Skip to main content

At this point in time, it’s safe to say that Connor McDavid is incredibly talented. The Edmonton Oilers captain has skill to burn, and a single glimpse at his stat line will confirm that reality. You don’t break the 150-point plateau by accident, after all. The center is more than just a gifted offensive player, though. He’s a strong skater, possesses fantastic speed, and has improved his defensive play over the years.

The forward’s star qualities, however, aren’t limited to the ice. He’s apparently a pretty good guy, even away from the rink.

Don’t believe it? Consider this story from draft night when, despite moving on to bigger and better things, he never forgot about an old friend.

Connor McDavid could have turned the page, but he wanted to see Travis Dermott get drafted

Connor McDavid (R) and Travis Dermott (C) celebrate together during 2015 with the Erie Otters.
Connor McDavid (R) wanted to see Travis Dermott (C) get drafted.| Claus Andersen/Getty Images

For a professional athlete, being drafted represents a major milestone. Not only does it mean that years of blood, sweat, and tears have paid off, but it also signifies that fame and fortune are right around the corner.

That’s the reality Connor McDavid was faced with during the summer of 2015. The forward wasn’t just entering the NHL; he was stepping into the spotlight as the first overall pick. And while that reality would have given him license to celebrate his own success, the teenager had his eye on two separate prizes.

“We had a dinner party after [the first night of the draft] with the family and [Erie Otters coach] Kris Knoblauch and [Otters owner and executive] Sherry Bassin,” agent Jeff Jackson remembered in a Hockey News oral history of McDavid’s rise. “Connor was happy and relieved, like, ‘Now it’s time to prepare.’ And that’s how he thinks.”

Getting ready for the pros wasn’t the young star’s only priority, though. Even when he could be basking in the glory of a life-changing moment, McDavid wanted to support a friend and teammate.

“Dave Gagner and I left around 2:30 a.m. because we had other clients who were going to be drafted in Round 2, which started at 9:00 a.m. the next morning,” Jackson continued. “So we’re saying goodbye to Connor, telling him that we’ll see him back home, and he says, ‘No, no, I’m coming with you in the morning, I want to see Travis Dermott get drafted.’ That’s Connor.”

Dermott, for the record, played youth hockey with McDavid before reuniting with the star in Erie. He was selected early in the second round of the 2015 draft, joining the Toronto Maple Leafs.

McDavid also played a similar card after signing his $100 million contract extension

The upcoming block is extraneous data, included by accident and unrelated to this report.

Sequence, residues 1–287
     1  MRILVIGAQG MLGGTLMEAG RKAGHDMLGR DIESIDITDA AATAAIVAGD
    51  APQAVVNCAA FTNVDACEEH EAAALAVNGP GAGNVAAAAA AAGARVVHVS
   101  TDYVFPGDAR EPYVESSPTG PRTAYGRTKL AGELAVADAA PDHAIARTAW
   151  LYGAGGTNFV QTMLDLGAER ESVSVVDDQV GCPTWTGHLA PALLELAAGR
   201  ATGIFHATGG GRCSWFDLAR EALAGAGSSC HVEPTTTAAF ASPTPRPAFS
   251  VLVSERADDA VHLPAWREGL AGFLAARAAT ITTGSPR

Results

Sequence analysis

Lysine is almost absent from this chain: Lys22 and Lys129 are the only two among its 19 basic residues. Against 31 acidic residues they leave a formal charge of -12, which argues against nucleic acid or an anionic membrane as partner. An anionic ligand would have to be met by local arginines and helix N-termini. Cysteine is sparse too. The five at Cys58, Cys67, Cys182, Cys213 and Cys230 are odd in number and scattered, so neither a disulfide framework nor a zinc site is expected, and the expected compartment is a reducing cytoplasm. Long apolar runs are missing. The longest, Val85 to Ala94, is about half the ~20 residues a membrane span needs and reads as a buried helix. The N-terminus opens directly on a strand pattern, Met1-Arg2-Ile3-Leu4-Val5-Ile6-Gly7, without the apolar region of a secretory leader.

If you were feeling especially cynical, you might wonder if Connor McDavid felt like he had to be on his best behavior since he was the (metaphorical) new kid on the block. A similar choice later in his career, however, seems to eliminate that possibility.

After being drafted, McDavid established himself as a legitimate NHL star. Unsurprisingly, that meant the Oilers wanted to tie him down to a long-term extension, and both parties put pen to paper in July 2017. Edmonton got their man, and the star forward added $100 million to his bottom line.

While you might think that reality, combined with the fact that it was the offseason, would give McDavid reason to celebrate. You wouldn’t be wrong, but No. 97 wasn’t going to use his new deal as an excuse to slack off.

“I used to play with [retired forward] Gary Roberts, who Connor trains with in Toronto,” Brooks Orpik told ESPN‘s Emily Kaplan. “Gary told me that when [McDavid] signed his new contract this summer, he went to Edmonton to do the press conference on a Sunday. And he took the first flight back to Toronto, even with the time change, on Monday morning, so he wouldn’t miss his workout on Monday morning. Right after signing a $100 million contract. I don’t know if there are too many guys in the league who would have done that.”

That does make it easy to roll your eyes at McDavid — there are few things more “hockey” than turning down a well-deserved day off to keep working — anecdotes like Orpik’s and Jackson’s do help connect the dots. Does talent help explain why the Oilers’ star is so widely respected? Partially, but remembering teammates and doing the hard work during the summers also play a role in making someone a captain.

And, based on Connor McDavid’s body of work thus far, the efforts have paid off.


Wayne Gretzky’s Greatness Inspired Cringe-Worthy Changes to 2 National Anthems